Prime Minister Bill English has met his British counterpart Theresa May in London and welcomed her "real enthusiasm" for getting on with a free trade deal with New Zealand.
But he's warned that agriculture, as always, will be a sticking point and while the two nations' close ties should underpin a good trade deal he says it won't guarantee New Zealand will get everything it wants.
No NZ-UK deal can be done until Britain formally leaves the European Union after a two-year unhooking process.
"We're a credible partner for the UK to be able to demonstrate to the rest of the world that when they leave Europe they can do high-quality, comprehensive trade deals," Mr English told reporters on Friday after meeting Mrs May."We're making a pitch and they're responding very positively," he said.
"We weren't seeking assurances about the type of deal but it was good to hear from her the real enthusiasm for getting on and doing a deal with New Zealand."
Mr English said Mrs May was "playing her cards pretty close to her chest" as to whether it would be a hard or soft Brexit, which would hinge on negotiations between the UK and Europe.
"What's in our interest is they get through that process in a way that's not too disruptive, both of these are very significant trading partners for us."
Mr English said it was difficult to say what kind of free trade deal New Zealand and the UK could do until the end of Brexit.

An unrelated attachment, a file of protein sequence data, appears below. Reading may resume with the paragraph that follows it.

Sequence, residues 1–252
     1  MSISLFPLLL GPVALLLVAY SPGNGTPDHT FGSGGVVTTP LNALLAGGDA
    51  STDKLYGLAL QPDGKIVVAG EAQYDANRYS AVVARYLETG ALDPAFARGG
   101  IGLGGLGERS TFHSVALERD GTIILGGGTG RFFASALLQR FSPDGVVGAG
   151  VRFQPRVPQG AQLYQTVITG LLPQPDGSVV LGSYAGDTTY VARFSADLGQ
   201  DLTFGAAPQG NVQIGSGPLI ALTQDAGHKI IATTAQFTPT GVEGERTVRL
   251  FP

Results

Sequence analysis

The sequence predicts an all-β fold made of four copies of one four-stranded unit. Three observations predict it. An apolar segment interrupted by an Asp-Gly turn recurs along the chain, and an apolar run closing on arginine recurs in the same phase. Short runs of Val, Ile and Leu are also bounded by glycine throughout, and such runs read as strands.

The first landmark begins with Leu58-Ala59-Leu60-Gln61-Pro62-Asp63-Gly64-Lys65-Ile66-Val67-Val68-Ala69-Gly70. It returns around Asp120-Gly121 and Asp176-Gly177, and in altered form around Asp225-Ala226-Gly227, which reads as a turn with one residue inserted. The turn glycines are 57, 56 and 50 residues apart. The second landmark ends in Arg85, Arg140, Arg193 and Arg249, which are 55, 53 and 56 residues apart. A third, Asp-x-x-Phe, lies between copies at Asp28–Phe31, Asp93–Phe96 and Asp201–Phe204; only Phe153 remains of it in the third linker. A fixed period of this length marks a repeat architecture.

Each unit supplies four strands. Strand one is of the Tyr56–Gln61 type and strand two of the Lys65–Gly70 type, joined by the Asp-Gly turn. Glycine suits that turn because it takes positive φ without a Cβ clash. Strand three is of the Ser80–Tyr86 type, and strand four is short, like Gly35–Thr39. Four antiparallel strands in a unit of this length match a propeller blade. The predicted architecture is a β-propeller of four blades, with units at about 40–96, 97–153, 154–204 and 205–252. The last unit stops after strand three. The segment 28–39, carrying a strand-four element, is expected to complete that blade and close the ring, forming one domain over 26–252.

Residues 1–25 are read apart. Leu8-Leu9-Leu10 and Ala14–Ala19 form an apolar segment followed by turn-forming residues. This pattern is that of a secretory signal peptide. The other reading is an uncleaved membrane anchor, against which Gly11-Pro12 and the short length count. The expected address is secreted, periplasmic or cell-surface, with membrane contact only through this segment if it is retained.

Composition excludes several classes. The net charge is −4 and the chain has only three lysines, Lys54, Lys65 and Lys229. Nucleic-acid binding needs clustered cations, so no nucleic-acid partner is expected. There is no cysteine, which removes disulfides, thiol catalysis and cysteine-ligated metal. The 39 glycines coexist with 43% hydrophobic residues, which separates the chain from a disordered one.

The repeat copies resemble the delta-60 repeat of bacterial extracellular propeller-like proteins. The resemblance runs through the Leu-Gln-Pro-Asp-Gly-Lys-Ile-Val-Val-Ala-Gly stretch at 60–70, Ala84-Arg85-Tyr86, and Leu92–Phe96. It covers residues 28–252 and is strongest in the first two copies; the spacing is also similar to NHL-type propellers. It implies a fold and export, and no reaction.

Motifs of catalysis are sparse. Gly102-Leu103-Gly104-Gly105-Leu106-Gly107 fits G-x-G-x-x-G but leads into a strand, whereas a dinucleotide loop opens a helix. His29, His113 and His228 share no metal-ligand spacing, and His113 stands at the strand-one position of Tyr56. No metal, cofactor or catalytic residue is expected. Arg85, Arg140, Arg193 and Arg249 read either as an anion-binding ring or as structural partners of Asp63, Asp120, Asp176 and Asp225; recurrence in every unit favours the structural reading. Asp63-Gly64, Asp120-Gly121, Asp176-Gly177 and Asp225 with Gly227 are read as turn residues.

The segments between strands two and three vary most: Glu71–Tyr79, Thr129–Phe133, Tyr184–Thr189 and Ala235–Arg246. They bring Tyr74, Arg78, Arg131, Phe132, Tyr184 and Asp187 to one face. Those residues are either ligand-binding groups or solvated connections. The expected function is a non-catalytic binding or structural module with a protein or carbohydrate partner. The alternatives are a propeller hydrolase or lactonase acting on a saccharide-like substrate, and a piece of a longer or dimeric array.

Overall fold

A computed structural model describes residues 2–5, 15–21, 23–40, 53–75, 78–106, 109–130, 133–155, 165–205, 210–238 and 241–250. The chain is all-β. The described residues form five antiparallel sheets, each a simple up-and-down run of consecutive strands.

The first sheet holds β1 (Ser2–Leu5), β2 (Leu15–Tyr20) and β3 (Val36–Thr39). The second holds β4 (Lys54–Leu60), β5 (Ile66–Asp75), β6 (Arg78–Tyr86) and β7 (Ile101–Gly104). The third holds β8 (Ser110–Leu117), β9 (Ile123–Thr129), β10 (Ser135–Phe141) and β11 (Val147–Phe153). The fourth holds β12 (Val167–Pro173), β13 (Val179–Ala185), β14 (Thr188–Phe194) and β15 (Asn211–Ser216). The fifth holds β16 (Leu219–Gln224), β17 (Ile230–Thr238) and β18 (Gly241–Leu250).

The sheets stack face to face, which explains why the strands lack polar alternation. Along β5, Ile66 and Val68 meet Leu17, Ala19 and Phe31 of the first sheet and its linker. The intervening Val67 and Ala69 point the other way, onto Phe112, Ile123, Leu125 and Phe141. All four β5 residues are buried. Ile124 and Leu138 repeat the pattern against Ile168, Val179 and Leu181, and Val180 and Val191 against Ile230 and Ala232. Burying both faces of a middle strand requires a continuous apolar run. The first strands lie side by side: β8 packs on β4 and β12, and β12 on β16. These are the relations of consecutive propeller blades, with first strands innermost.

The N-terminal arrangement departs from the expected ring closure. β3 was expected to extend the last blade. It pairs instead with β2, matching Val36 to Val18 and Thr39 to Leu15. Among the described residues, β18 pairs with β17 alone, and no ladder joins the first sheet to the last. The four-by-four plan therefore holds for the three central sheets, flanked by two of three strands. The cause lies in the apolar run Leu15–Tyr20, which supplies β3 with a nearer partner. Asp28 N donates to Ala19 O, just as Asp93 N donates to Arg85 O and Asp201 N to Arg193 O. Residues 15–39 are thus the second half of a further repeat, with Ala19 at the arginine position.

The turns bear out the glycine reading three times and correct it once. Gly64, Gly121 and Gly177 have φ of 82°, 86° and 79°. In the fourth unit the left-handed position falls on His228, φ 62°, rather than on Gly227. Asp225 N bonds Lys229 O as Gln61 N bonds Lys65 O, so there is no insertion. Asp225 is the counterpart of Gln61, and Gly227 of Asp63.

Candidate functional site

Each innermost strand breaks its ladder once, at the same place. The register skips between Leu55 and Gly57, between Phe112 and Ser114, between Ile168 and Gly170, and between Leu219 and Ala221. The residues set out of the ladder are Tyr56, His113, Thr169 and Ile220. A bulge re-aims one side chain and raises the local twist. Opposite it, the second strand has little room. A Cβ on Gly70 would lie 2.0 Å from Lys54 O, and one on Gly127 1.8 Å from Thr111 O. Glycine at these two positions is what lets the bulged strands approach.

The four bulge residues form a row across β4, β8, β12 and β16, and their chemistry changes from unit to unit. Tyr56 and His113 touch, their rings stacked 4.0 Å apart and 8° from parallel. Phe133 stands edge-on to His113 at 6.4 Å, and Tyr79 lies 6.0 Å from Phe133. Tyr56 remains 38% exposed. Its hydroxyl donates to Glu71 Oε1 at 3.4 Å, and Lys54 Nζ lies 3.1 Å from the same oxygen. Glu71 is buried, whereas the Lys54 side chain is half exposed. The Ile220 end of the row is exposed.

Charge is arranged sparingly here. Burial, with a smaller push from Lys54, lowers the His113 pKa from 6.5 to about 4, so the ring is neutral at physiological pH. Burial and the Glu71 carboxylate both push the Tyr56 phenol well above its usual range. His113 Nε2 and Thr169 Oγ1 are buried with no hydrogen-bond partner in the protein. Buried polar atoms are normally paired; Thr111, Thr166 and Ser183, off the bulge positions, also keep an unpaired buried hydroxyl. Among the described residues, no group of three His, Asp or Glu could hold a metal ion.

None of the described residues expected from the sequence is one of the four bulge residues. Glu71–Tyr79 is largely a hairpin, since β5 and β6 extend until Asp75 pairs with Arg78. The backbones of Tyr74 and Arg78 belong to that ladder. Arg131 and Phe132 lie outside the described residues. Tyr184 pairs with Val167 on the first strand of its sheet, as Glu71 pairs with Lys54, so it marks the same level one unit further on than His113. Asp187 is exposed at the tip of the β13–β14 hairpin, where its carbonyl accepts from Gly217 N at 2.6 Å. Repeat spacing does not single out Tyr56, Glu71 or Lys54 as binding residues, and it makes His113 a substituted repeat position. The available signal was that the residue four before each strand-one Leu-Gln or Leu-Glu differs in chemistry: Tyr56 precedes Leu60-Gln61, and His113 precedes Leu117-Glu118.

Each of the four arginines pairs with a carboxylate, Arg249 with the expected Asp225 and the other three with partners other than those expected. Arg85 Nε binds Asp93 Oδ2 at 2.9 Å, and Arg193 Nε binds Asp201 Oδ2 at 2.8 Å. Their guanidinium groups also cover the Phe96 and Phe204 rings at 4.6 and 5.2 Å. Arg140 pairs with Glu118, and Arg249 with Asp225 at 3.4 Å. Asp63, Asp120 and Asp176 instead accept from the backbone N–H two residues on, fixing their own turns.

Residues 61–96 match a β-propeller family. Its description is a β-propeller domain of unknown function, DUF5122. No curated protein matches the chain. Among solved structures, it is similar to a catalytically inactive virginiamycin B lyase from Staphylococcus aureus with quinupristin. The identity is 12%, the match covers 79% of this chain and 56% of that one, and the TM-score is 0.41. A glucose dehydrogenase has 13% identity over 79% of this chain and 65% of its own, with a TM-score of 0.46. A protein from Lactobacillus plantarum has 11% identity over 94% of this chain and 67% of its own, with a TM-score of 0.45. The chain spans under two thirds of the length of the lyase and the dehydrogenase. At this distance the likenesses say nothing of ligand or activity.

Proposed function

"Agriculture will be a sticking point, it is the sticking point in every negotiation that we do and the reason for that is we have such an efficient agricultural sector, it's one of our comparative advantages."
But the prime minister said New Zealand had a diverse export portfolio and a trade agreement would have to deal with a wide range of issues.
He said the close ties between the UK and New Zealand should underpin getting a good deal "but it doesn't guarantee we'll get everything that we want".
Prime Minister Bill English meets with London Mayor Sadiq Khan.
Source: Supplied/London Mayor's Office
When asked about US President-elect Donald Trump's anti-free trade sentiments Mr English said he and Mrs May discussed their common advocacy of open markets and free trade to lift incomes and provide more jobs.
"When there is discussion, not just in the US but in other places, about more protectionism, those of us who are in favour of open economies and free trade advocate it."
Mr English said he raised the issue of Kiwis' rights being eroded in the UK in recent years but he recognised that migration into the UK was a core issue that Britain was working out with Europe.
"So we indicated that we'll continue to advocate for easier access for Kiwis, a lot of Kiwis want to come here, use their skills, experience the culture.
"But we wouldn't expect we would get engagement on it until they've dealt with the big issues," Mr English said.
"I don't think we should push Mrs May's goodwill too hard on it."